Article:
Best Practices for Using the Phone with Hearing Aids

Man wearing hearing aids happily using a cell phone.

Nowadays, the cellular phone network is a great deal more reliable (and there’s a lot less static involved). But that doesn’t mean everybody can hear you all the time. And for people who have hearing loss, it can be particularly difficult.

There must be an easy fix for that, right? Why not utilize a pair of hearing aids to make your phone conversations a bit easier? Actually, it doesn’t work exactly like that. It turns out that, while hearing aids can make face-to-face conversations much easier to handle, there are some challenges associated with phone-based conversations. But there are some tips for phone calls with hearing aids that can help you get a little more from your next conversation.

Why hearing aids and phone calls don’t always play nice

Hearing loss typically isn’t immediate. It’s not like somebody simply turns down the general volume on your ears. It has a tendency to go in bits and pieces. This can make it difficult to even detect when you have hearing loss, particularly because your brain tries really hard to fill in the gaps with context clues and other visual information.

When you have phone conversations, you no longer have these visual clues. Your Brain lacks the info it needs to fill in the blanks. There’s only a very muffled voice and you only make out bits and pieces of the spectrum of the other person’s voice.

How hearing aids can help

This can be helped by wearing hearing aids. They’ll particularly help your ears fill in a lot of those missing pieces. But talking on the phone with hearing aids can introduce some accessibility issues.

Feedback can happen when your hearing aids come near a phone, for example. This can result in some uncomfortable gaps in conversation because you can’t hear really well.

Tips to enhance the phone call experience

So what steps can be taken to help make your hearing aids function better with a phone? Well, there are several tips that the majority of hearing specialists will suggest:

  • Try using speakerphone to carry out most of your phone calls: This will protect against the most severe feedback. Your phone calls might not be particularly private, but even though there still might be some distortion, you should be able to better make out the voice on the other end. The best way to keep your phone and your hearing aid away from each other is by using speakerphone.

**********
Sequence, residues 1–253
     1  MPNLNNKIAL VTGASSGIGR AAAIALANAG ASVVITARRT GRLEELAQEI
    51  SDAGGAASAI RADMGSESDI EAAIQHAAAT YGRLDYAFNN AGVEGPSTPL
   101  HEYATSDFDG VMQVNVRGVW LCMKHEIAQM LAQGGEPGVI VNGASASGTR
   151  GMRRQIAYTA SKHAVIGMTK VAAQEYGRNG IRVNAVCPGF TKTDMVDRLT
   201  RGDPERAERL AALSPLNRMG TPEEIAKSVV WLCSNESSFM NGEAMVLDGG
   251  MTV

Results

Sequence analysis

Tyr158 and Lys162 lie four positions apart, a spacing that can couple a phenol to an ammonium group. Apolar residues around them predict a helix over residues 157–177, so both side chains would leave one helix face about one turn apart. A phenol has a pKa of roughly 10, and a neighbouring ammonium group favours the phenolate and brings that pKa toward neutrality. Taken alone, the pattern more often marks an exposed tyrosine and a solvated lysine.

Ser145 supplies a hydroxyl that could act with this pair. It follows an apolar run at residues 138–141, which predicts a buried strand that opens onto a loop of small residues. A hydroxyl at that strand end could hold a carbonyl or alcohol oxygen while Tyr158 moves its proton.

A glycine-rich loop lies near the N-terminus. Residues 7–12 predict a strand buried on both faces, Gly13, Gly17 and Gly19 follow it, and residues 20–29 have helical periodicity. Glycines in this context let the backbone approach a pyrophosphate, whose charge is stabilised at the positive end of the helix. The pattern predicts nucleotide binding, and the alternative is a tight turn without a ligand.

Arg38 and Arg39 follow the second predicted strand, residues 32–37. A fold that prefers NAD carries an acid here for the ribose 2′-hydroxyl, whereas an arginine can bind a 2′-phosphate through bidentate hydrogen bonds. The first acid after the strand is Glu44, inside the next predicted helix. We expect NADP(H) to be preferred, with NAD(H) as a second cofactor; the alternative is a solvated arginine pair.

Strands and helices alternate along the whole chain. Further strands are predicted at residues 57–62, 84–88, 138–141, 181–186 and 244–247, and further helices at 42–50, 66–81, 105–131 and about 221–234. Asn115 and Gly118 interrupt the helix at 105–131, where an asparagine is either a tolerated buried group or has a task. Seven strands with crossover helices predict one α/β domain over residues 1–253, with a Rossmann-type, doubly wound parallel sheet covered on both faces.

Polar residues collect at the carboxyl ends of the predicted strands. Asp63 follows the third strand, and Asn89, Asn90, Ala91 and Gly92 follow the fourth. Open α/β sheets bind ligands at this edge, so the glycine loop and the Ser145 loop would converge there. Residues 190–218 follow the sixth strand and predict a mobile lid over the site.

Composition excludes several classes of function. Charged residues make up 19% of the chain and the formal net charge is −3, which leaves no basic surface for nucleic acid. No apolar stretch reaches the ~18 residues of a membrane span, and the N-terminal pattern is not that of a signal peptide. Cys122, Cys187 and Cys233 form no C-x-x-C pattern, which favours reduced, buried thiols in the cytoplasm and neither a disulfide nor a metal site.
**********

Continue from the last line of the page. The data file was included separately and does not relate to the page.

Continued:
• You can utilize your Bluetooth function on your hearing aid to connect to your phone. Yes, contemporary hearing aids can connect to your smartphone via Bluetooth! This means that if your hearing aids are Bluetooth enabled, phone calls can be streamed right to your phone. If you’re having trouble using your phone with your hearing aid, a great place to begin eliminating feedback would be switching to Bluetooth.
  • Don’t hide your hearing problems from the individual you’re speaking with: It’s okay to admit if you’re having difficulties! You might just need to be a little more patient, or you may want to consider switching to text, email, or video chat.
  • Make use of video apps: You may have an easier time distinguishing phone conversations on a video call. It isn’t that the sound quality is magically better, it’s that your brain has use of all of that amazing visual information again. And this can help you add context to what’s being said.
  • Try to take your phone calls in a quiet area. It will be much easier to hear the voice on the other end if there’s less noise. Your hearing aids will be much more efficient by decreasing background noise.
  • Use other assistive hearing devices: There are other assistive devices and services that can help you hear better during a phone conversation (including many text-to-type services).

Depending on your general hearing needs, how often you use the phone, and what you use your phone for, the appropriate set of solutions will be accessible. With the correct approach, you’ll have the tools you need to start enjoying those phone conversations once again.

If you need more advice on how to use hearing aids with your phone, give us a call, we can help.

The site information is for educational and informational purposes only and does not constitute medical advice. To receive personalized advice or treatment, schedule an appointment.